Dir, Dominic Hill, Citizens Theatre, 2nd – 19th November
The Rivals wraps you into its hysterical, stereotypical world before the play officially begins. As the audience enters the theatre, live music tinkles in the background, actors cover their face in a mask of white paint and rouge, towers of fake hair perch on the heads of tottering, flamboyant women, faces are pulled, legs unpleasantly scratched and mirrors inspected. Enter the 18th century world of absurdly complicated manners, incomprehensible notions of elegance and honour, and fantastic dress.
Rarely have I seen a play where all elements combine so perfectly to entrance me. Most remarkable, however, was the acting. The cast managed to find the perfect amount of over-acting to ensure the the comedy of manners work. And by the end of the play, I had fallen in love with the strangely charming, stereotypical characters.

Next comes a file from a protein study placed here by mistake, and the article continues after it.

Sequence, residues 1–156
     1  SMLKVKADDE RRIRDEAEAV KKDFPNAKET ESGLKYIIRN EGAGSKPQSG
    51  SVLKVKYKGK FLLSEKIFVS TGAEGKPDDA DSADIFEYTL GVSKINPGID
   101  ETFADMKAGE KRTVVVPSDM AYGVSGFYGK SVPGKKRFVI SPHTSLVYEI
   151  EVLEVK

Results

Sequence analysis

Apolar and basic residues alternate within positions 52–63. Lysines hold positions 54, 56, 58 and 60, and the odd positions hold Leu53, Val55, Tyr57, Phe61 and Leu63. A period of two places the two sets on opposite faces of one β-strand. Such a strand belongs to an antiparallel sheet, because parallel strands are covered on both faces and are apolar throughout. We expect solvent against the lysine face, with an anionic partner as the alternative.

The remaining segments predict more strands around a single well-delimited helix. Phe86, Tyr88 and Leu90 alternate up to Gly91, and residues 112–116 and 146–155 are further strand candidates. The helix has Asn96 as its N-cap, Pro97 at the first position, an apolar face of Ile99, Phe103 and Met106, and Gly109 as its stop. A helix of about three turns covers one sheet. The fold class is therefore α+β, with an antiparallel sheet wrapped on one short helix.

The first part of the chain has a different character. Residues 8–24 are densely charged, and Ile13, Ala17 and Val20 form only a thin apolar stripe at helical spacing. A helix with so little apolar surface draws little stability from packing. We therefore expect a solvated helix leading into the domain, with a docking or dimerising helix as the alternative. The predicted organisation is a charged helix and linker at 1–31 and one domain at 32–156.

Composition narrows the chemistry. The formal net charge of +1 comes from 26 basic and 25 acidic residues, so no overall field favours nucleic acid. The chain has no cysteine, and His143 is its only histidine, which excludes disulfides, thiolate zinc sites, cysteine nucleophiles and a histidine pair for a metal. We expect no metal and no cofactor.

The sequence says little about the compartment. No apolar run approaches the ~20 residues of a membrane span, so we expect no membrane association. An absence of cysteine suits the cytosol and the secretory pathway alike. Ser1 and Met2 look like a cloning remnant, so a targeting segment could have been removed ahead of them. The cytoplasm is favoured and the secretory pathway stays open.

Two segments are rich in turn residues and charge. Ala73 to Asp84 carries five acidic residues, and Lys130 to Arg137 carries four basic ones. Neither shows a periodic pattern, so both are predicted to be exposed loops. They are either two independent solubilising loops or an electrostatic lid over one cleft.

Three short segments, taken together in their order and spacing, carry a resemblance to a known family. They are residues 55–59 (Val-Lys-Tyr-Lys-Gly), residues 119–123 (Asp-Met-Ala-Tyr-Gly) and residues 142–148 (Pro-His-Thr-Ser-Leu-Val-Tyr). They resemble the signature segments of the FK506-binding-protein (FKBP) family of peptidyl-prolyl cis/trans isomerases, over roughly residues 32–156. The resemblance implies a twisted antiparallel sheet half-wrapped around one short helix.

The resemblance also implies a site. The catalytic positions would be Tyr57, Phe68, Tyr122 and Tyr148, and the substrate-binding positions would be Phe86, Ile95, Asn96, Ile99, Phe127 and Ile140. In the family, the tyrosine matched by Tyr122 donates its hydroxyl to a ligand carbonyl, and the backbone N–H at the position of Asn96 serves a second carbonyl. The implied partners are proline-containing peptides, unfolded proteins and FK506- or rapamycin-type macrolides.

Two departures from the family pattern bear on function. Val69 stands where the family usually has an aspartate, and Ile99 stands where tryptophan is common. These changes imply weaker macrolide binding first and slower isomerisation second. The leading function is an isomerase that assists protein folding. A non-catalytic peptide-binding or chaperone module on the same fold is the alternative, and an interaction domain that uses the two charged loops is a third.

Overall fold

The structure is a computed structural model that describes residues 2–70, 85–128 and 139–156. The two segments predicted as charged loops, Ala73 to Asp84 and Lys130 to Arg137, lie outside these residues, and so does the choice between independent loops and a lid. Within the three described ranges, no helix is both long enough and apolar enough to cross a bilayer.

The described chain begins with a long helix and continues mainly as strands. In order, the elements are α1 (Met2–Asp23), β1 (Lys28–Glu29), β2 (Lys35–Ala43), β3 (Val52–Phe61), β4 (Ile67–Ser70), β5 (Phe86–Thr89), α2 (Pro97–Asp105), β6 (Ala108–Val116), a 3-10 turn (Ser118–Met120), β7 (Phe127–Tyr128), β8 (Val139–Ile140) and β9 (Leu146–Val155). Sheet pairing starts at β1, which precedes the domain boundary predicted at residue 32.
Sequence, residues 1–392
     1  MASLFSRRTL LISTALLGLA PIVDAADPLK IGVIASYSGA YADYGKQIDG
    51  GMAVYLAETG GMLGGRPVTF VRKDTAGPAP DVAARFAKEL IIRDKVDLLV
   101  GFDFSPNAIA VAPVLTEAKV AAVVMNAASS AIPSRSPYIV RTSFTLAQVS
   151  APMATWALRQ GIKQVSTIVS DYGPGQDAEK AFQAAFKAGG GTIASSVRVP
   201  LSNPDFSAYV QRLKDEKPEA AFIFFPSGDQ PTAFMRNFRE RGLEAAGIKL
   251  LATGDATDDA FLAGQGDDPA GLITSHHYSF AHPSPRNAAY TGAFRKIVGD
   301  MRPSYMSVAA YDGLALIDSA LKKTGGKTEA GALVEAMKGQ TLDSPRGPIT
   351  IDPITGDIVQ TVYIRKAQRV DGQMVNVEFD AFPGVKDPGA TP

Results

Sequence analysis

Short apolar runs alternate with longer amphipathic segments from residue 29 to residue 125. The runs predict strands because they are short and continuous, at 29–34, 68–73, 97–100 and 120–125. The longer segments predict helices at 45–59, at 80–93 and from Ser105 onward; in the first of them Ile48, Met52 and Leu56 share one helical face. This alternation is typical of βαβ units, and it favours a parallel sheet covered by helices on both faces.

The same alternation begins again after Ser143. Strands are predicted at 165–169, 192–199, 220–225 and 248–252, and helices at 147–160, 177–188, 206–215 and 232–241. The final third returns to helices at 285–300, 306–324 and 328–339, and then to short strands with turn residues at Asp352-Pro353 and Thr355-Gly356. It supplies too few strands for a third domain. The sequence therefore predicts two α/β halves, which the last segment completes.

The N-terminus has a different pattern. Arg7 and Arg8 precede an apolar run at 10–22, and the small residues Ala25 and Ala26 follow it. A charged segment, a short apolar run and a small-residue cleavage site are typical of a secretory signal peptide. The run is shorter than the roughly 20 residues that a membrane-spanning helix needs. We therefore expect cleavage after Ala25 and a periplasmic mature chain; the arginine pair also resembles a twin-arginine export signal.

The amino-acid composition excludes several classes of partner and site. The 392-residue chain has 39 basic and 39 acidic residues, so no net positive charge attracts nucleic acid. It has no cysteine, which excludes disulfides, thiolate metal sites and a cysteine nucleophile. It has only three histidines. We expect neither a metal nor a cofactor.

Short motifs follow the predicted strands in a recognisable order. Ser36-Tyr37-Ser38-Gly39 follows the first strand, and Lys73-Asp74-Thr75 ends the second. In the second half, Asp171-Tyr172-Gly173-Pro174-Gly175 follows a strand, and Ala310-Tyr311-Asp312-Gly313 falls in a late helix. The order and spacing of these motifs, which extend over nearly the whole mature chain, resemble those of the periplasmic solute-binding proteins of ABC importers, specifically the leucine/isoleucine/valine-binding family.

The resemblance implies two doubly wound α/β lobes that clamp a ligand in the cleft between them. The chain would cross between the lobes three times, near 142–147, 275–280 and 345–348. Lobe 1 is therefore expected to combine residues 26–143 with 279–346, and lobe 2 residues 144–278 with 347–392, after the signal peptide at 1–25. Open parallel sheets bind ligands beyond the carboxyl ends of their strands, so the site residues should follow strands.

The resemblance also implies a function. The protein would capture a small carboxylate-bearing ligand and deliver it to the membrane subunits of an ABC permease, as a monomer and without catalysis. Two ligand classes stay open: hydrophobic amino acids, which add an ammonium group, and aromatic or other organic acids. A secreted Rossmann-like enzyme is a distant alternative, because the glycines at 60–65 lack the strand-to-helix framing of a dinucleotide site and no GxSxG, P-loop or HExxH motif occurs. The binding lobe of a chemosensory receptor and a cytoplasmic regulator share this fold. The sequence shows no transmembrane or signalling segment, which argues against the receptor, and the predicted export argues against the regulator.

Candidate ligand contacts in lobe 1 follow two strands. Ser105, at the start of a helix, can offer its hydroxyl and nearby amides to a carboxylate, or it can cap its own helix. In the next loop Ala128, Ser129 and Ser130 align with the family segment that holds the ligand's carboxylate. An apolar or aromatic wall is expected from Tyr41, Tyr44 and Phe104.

Desmond Barrit as Sir Anthony Absolute had flawless comic timing, making the audience erupt in laughter at the lewd innuendos with his cane. The other guardian figure, Mrs Malaprop (Julie Legrand) perfectly executed her character’s failed attempts at impressing with her large vocabulary. Indeed, I shared her relief that the young men were ‘horizontal, standing on their feet!’. Yet the younger generation also impressed. Lucy Briggs-Owen as Lydia Languish sounded just like any shrieking, spoiled teenage girl with an enviable capacity for fluttering her eyelashes and pulling faces of shock, delight and confusion. Yet truly, the play was only successful as the whole cast had a tangible connection on stage, as lovers quarrelled and re-united, elders chastised the foolish young, pirate-like figures longed for blood and pathetic suitors worried.
In addition to this brilliant acting there was a remarkable set: massive picture frames separated scenes and ensured there were never gaps in the drama. Clothes racks littered the stage displaying the phenomenal era-costumes, which made me want to travel back in time just to try on a dress like that.
All in all, this play was spectacular. I left the theatre with abs aching from almost three hours of non-stop laughter and mind buzzing with how remarkably profound the play was in reflecting the society we live in today.
Photo Credit: Mark Douet